Whether they’re burbling brooks, creeping creeks or the serpentine sprawl of the Tennessee River itself, the lacework of waterways in Southeast Tennessee teems with life and provides drinking water to more than 4 million people.
Despite their importance to native animals and as a natural resource, these same waters are also cluttered with occupants of a less-savory sort, from waylaid water bottles and forgotten furniture to abandoned appliances.
Since 1988, teams of citizens have joined forces each October for a cleaning blitz hoping to reverse course on the degradation of the Tennessee River and its tributaries.
This year, advocates for a cleaner river can take part in the annual Tennessee River Rescue from 9 a.m. to 11 p.m. on Saturday, Oct. 5.
“Some of these locations are more dumping sites, but they all need help,” says Hayley Wise, watershed coordinator at the Tennessee Aquarium Conservation Institute. “We use water for a lot of things as well, so it’s important to keep it clean. Ultimately, the more trash that’s in our water, the more it costs, the longer it takes and the more difficult it is to treat before it gets to us.”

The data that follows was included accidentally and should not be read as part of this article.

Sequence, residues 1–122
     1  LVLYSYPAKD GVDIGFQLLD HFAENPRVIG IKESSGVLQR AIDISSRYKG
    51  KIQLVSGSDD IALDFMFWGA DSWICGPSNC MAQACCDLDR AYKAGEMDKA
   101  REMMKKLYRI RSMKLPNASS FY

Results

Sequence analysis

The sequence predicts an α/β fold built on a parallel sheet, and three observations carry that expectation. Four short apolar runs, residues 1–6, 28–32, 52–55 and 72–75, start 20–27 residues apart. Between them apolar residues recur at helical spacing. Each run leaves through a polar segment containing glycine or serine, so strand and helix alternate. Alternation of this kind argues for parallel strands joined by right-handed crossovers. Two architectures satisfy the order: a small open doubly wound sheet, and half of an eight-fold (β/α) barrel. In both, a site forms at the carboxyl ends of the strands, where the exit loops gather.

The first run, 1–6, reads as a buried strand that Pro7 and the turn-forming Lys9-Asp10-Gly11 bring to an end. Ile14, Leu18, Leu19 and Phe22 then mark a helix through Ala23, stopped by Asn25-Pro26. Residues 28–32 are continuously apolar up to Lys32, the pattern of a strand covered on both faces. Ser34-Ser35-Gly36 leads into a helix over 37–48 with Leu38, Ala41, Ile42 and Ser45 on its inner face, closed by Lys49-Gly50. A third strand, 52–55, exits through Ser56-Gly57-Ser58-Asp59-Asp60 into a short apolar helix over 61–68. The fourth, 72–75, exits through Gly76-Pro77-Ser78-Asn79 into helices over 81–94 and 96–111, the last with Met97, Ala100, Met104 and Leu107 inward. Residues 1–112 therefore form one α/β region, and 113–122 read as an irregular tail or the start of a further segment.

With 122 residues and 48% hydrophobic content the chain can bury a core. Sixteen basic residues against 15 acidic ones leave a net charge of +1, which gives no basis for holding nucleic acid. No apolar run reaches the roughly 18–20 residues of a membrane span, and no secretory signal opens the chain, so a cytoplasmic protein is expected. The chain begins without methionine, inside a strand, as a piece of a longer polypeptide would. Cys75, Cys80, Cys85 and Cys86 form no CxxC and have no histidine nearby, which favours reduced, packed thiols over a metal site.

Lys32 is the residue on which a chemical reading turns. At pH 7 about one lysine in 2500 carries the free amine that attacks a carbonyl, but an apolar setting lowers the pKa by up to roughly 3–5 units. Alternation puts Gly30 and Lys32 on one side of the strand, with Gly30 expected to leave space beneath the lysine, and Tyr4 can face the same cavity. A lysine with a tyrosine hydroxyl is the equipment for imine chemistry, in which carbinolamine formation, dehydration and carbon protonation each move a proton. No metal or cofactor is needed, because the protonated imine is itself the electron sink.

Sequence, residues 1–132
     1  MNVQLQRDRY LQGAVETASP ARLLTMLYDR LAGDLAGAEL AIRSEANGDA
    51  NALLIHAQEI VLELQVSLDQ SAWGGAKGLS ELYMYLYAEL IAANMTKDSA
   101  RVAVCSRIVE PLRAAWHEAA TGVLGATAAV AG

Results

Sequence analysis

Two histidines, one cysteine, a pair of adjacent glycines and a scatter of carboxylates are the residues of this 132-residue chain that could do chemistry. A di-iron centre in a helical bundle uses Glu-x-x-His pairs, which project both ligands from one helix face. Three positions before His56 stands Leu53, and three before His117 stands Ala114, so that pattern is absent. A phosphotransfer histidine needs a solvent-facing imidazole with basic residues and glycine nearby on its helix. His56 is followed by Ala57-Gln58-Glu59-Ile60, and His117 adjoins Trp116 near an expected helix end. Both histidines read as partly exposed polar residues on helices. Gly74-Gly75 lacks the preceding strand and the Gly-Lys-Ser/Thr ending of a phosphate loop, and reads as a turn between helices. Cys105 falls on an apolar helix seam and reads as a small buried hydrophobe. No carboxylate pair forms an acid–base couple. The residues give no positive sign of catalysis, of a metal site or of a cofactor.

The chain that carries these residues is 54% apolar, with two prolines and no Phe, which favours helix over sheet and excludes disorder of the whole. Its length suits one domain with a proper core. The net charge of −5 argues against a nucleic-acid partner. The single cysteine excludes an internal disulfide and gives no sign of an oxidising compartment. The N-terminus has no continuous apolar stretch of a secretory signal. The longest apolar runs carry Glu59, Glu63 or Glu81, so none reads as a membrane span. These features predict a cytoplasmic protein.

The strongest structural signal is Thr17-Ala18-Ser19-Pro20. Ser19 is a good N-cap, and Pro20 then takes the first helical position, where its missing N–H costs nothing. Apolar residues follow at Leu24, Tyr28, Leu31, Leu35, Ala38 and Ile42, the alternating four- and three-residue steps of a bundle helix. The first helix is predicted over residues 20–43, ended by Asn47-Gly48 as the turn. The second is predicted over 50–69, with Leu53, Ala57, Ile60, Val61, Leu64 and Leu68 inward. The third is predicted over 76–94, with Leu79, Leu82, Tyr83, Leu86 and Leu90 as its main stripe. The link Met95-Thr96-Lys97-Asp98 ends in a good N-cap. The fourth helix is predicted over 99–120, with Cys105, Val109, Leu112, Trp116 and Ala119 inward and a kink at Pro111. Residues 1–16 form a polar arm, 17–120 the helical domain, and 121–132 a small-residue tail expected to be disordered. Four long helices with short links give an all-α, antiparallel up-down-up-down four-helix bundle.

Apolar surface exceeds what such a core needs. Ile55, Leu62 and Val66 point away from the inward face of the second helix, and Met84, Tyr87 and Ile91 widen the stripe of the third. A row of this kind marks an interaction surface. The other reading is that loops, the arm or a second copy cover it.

The River Rescue encompasses 17 zones throughout Hamilton, Bradley and Marion counties. Cleanup locations are listed at tennesseeriverrescue.org. Last year marked the 30th anniversary of the River Rescue and attracted about 900 participants, a marked increase from the annual average of 800 volunteers,
Those interested in participating this year do not need to pre-register but can report to the zone captains listed on the website the day of the cleanup. However, large groups are encouraged to contact the zone leader at their desired location before arrival.
Participants are encouraged to wear clothes they don’t mind getting dirty and to bring a reusable water bottle (water coolers will be available at most locations). Cleanup equipment, including gloves, refuse bags and trash pickers will be provided.
Participants in the Rescue will receive a commemorative t-shirt and the satisfaction of doing their part to unsully a vital natural resource, Ms. Wise says.
“Obviously, these cleanups don’t remove everything from the river, but they do help,” Ms. Wise says. “Seeing the trash, first hand, also brings awareness to the problem.
“That can really change how people think about the river and its impact on them. While we would love for the River Rescue to be so successful we no longer need to host it, we continue to see trash in the water, so it’s still important that people participate in efforts to clean it up.”
For a map of cleanup locations and contact information for Tennessee River Rescue zone leaders, visit tennesseeriverrescue.org